He spent 29 years covering them for the Green Bay Press-Gazette — his first game back in 1945 — and then became the team’s public relations director in 1974. His was a journey that included names like Hutson and Herber, Lambeau and Lombardi, and Starr and Favre, and included stops at the first 40 Super Bowls. Lee didn’t just chronicle the Packers’ history, he became a part of it, and an icon in his own right. In 2004, he transitioned to a role as the team’s official historian, but anyone that had ever talked to him knew he unofficially held that title for years. On Thursday, Lee died at the age of 90. And the Packers lost a legend.
Lee was interviewing me for an internship in the Packers Public Relations office back on that spring afternoon. I remember trying to relax in my chair as he sat behind his desk looking through a black binder of photocopied newspaper articles I had written in college, along with a resume highlighted by a stint with the Milwaukee Mustangs Arena Football Team, and an internship on the set of the “Mike Holmgren Show.” He took time to tell stories about the Lombardi years — when he covered the team along with one of my college professors, Gene Hintz, who worked for United Press International. If I didn’t get this gig, I remember thinking to myself at the time, it would still be a pretty great day.
I did get the internship, as it turned out, and a temporary desk at the counter in the media library, down the green, logo-emblazed carpeted hall from Lee’s office. That proximity would lead to some memorable conversations. I wrote a story on Hutson for the 1994 Bishops Charities Game following the dedication of the Don Hutson Center. Lee was my biggest source for the piece. His memory for even the smallest details was remarkable, and he described touchdown catches from Hutson nearly 50 years after they occurred with the clarity that I would describe what I ate for breakfast that day. His knowledge was encyclopedic. He was the history section on Packers.com before the Internet existed. And he conveyed those days of yore with a wit and style and distinctive baritone voice that was uniquely his … though I’d like to think I do a decent impression.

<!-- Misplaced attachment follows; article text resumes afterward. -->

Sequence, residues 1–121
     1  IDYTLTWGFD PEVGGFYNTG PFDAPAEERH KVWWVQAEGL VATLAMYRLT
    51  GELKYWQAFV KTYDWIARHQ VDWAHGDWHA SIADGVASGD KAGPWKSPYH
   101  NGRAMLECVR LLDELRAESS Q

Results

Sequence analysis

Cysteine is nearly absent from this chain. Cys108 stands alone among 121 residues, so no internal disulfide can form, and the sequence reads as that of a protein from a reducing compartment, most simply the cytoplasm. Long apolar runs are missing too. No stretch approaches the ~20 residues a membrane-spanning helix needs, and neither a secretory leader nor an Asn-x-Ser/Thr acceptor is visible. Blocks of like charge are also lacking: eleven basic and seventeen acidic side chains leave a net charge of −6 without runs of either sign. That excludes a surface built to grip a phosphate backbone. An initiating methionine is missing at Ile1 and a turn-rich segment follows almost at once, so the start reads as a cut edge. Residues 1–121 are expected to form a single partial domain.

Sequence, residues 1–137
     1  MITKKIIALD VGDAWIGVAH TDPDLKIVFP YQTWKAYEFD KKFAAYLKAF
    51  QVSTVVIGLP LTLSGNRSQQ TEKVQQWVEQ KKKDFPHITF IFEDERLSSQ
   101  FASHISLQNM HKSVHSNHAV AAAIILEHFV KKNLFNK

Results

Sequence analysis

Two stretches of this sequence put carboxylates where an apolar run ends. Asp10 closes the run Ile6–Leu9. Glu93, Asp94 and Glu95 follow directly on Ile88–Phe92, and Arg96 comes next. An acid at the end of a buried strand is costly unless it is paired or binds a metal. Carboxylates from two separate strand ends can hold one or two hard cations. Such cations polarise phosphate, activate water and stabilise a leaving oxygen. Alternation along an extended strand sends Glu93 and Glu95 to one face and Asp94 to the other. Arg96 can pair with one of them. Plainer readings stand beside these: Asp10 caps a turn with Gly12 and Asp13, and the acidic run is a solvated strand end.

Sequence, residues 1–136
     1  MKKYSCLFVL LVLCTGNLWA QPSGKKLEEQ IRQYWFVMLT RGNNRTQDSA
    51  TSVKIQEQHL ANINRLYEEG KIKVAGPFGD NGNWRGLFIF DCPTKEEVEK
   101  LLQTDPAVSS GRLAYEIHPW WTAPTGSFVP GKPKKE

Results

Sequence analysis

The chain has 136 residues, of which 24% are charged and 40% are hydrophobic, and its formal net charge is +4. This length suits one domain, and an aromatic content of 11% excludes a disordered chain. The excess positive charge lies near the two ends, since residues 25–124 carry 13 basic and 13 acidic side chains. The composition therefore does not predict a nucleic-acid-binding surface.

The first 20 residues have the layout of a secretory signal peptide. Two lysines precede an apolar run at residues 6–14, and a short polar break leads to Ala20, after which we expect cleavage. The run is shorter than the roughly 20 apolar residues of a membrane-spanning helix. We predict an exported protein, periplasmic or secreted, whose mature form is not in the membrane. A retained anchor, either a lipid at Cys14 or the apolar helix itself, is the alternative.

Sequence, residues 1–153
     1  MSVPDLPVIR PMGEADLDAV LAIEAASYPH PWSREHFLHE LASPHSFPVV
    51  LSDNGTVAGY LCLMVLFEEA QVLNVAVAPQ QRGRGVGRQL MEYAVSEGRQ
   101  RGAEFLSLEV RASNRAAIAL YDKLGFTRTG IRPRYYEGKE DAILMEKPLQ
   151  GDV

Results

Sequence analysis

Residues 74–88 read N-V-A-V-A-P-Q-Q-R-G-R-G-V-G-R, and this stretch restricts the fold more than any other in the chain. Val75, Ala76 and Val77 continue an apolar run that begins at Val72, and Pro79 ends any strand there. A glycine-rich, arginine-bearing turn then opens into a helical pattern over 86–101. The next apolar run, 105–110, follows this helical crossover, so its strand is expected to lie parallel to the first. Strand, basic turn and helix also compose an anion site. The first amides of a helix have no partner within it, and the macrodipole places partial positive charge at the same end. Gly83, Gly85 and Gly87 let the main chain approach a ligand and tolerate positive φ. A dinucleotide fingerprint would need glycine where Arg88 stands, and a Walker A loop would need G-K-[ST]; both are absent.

That flair helped Lee win a Wisconsin Sportswriter of the Year Award in 1967 and never left him in his role as director of public relations, where he was a jovial and beloved facilitator who wanted to help members of the media tell Packers stories to a fan base that remained loyal even through the lean years when winning seasons were few and far between. Whether he was writing up a biography in the Packers Media Guide or penning a column for some Packer publication, his style evoked a bygone era that celebrated the games and players in heroic fashion.
It was Grantland Rice-esque, yet very Lee. He had a descriptive prose all his own. Brett Favre was a “genial Mississippian,” while Reggie White was a “mountainous Tennessean.” Lee could drop words like “monolithic” or “loquacious” and phrases like “bulwark of the offensive line,” in a way that not only never seemed out of place, but in a very Packers sort of way brought a comfortable old-school feel to the modern era.
He was also big on middle names. It wasn’t just Brett Favre. It was Brett Lorenzo Favre, which Lee announced at every Favre press conference for 16 seasons. He also had a great sense of humor. Lee was known to do an occasional mic check from the podium with an announcement that Mossy Cade was on his way down. A chuckle would always follow the absurdity of that thought.
Lee would kick off every press conference with “Questions, please,” and end every one with his signature, “Does that do it?” Favre, of course, couldn’t resist beating Lee to the punch with his own “Does that do it?” impersonation of Lee after the final question, and calling him by his full name, Leland. That never failed to get a big smile out of Lee, who named Favre and Hutson as his two all-time favorite players.